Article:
To Stop ACEIs and ARBs, or Not to Stop Them?

February 26, 2018
Gregory W. Rutecki, MD

In patients with advanced renal disease, this is a persistent clinical question, but why?

It’s a nagging clinical question

Should we stop angiotensin converting enzyme inhibitors (ACEIs) and angiotensin receptor blockers (ARBs) in patients with advanced kidney disease?1

If I had a dollar for every time I have been asked, I would have retired a few years ago. Unfortunately, if I had a dollar for every time I answered the question in evidence-based fashion, I would be a very poor man.

That said, it remains a critical question to answer correctly. In a 2014 study by the Veteran’s Administration, it was demonstrated that use of ACEI and ARB therapy declined in patient with CKD.2 Prescribing physicians seem to be concerned that these agents are dangerous for patients with renal disease, primarily because they might lead to hyperkalemia, worsen renal function, or even cause renal failure. The choice in the VA study to limit use of both classes in patients with CKD turned out to be a bad one. Results showed that in these patients ACEIs and ARBs had positive cardiovascular effects.

So, let’s look at what we do and don’t know regarding the persistent question.

The potential pitfalls in prescribing ACEIs/ARBs to persons with kidney disease are the development of hyperkalemia and the possibility of renal failure. The potential for renal failure warrants some explanation. Normal filtration pressure at the glomerular level approximates 15 mm Hg. When a kidney is challenged, the afferent arteriole dilates (decreasing resistance), but the efferent arteriole constricts (maintaining hydraulic pressure for glomerular filtration). The disparity in responses by the smooth muscle cells of the afferent and efferent arterioles is contingent on multiple angiotensin II receptors located only on the smooth muscle cells of the efferent arteriole. The effects of an ACEI/ARB may include a precipitous drop in filtration, blocking the effects of angiotensin on the efferent arteriole, allowing it to dilate.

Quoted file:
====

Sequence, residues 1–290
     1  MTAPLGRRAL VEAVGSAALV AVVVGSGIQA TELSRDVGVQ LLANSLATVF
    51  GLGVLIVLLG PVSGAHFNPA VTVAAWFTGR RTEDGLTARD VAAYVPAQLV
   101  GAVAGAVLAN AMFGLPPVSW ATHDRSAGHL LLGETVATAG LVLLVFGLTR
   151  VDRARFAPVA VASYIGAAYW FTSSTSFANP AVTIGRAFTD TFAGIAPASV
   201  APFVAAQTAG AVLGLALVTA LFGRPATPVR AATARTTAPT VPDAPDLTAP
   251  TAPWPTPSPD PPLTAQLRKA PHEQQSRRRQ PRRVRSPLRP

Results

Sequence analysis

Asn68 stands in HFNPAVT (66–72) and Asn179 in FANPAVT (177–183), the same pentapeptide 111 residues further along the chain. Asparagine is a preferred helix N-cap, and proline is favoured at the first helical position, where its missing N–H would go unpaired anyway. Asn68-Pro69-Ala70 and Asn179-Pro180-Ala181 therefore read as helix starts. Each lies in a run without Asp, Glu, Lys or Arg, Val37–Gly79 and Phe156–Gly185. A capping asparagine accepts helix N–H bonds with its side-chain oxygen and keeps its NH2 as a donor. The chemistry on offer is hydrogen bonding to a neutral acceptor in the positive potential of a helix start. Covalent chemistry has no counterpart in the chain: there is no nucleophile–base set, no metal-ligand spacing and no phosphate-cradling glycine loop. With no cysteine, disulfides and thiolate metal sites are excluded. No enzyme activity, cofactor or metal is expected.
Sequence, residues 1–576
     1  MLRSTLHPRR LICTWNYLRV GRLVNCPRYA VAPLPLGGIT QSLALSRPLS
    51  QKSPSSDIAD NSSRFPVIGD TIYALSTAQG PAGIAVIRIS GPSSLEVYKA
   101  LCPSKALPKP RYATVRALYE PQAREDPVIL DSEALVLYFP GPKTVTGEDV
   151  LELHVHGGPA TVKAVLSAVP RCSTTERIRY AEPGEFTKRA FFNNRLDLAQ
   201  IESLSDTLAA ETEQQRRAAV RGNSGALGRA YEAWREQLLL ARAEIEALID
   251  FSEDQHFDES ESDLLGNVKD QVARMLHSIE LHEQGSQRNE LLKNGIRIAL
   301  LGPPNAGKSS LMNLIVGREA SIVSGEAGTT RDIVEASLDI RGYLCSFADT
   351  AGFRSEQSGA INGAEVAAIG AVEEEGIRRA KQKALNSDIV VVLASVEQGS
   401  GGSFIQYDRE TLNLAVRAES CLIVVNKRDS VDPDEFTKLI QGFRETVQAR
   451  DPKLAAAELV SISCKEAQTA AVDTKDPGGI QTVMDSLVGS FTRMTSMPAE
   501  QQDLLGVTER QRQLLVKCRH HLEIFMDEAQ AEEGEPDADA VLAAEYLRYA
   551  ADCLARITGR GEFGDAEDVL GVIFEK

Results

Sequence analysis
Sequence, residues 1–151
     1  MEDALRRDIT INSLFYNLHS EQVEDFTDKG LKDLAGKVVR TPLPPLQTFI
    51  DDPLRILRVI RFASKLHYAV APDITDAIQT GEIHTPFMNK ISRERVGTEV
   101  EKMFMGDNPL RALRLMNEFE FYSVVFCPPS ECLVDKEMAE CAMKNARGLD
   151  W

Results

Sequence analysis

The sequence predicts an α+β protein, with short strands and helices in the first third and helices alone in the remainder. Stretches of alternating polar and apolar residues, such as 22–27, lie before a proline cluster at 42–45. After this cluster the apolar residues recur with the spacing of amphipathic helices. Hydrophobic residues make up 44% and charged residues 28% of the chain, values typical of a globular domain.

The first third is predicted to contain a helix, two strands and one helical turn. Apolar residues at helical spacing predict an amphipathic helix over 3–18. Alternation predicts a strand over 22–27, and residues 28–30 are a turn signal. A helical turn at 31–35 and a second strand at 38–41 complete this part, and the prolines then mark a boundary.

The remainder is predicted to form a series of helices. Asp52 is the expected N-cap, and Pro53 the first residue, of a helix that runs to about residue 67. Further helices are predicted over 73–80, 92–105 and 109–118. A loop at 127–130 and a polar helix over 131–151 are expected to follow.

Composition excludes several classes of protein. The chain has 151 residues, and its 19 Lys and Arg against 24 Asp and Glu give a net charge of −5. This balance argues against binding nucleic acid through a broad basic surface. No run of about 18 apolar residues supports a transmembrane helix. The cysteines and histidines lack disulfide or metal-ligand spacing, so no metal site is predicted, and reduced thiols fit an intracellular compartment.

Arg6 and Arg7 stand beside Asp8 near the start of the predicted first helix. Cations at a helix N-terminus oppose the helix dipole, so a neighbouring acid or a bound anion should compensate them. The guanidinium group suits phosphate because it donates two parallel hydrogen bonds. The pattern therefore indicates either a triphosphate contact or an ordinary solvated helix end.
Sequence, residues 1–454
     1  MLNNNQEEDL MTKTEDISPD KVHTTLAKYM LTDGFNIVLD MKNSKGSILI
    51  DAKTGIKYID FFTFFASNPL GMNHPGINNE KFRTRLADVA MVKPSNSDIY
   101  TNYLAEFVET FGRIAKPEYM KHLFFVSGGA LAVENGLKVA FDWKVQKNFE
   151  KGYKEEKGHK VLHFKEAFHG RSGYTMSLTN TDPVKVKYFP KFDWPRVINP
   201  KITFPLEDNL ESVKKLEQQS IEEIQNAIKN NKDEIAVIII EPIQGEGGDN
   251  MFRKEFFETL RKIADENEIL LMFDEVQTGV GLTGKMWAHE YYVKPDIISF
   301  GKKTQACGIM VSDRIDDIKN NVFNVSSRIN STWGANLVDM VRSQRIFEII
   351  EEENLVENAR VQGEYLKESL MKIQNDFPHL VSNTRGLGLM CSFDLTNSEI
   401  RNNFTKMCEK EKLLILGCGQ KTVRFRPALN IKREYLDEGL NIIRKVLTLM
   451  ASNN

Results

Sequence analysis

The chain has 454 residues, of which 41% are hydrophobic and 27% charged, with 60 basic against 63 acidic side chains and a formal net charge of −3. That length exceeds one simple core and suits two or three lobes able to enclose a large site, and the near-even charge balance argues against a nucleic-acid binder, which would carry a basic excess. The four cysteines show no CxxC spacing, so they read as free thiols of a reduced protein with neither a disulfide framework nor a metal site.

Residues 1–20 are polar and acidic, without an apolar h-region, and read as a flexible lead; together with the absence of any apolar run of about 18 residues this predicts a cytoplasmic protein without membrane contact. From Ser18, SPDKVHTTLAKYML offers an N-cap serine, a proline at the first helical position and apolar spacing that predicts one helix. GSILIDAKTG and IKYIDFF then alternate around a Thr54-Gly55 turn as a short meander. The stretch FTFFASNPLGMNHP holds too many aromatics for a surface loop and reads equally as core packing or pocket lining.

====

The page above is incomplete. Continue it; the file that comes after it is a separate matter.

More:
Clinical reality
The benefits of ACEIs and ARBs in persons with estimated glomerular filtration rates (eGFRs) < 30 mL/min/1.73 m2, but not on dialysis, are unknown.1 On one hand, patients with advanced CKD carry a high burden of cardiovascular disease and ACEIs/ ARBs have been shown to lower the morbidity and mortality of cardiovascular disease in non-CKD patients.1 On the other hand, major studies enrolling cardiovascular patients who would be taking ACEIs or ARBS did not include enough patients with advanced CKD to allow a conclusion. As a result, recent cardiology guidelines recommend caution when prescribing either ACEIs or ARBs to persons with heart failure and/or advanced CKD.3

In the RENAAL (Reduction of Endpoints in NIDDM with the Angiotensin II Antagonist Losartan) study, among patients enrolled with creatinine measures of between 2.1 to 3.6 mg/dL and treated with losartan, there was a 24.6% decrease in the risk of ESRD.4  Of course, others quote ample opposing data that suggest ACEI/ ARBs cause serious complications in CKD.1

Okay, where do we go from here?
There is a study in progress (STOP-ACEI trial) that will answer the question about benefits and pitfalls of ACEI/ARB use in advanced kidney disease.5 Since decisions to continue ACEIs/ARBs in patients with renal insufficiency at present are made on a case by case basis, this large prospective study should be helpful. For the moment, the issue is a bit of a double-edged sword: To not prescribe medication with potential cardiovascular benefits to attenuate CV risk in patients with advanced renal disease would be bad. But, hastening the development of renal failure in this cohort would be a tragedy. Hopefully, an evidence-based answer will be available in the next few years to guide practice.
  

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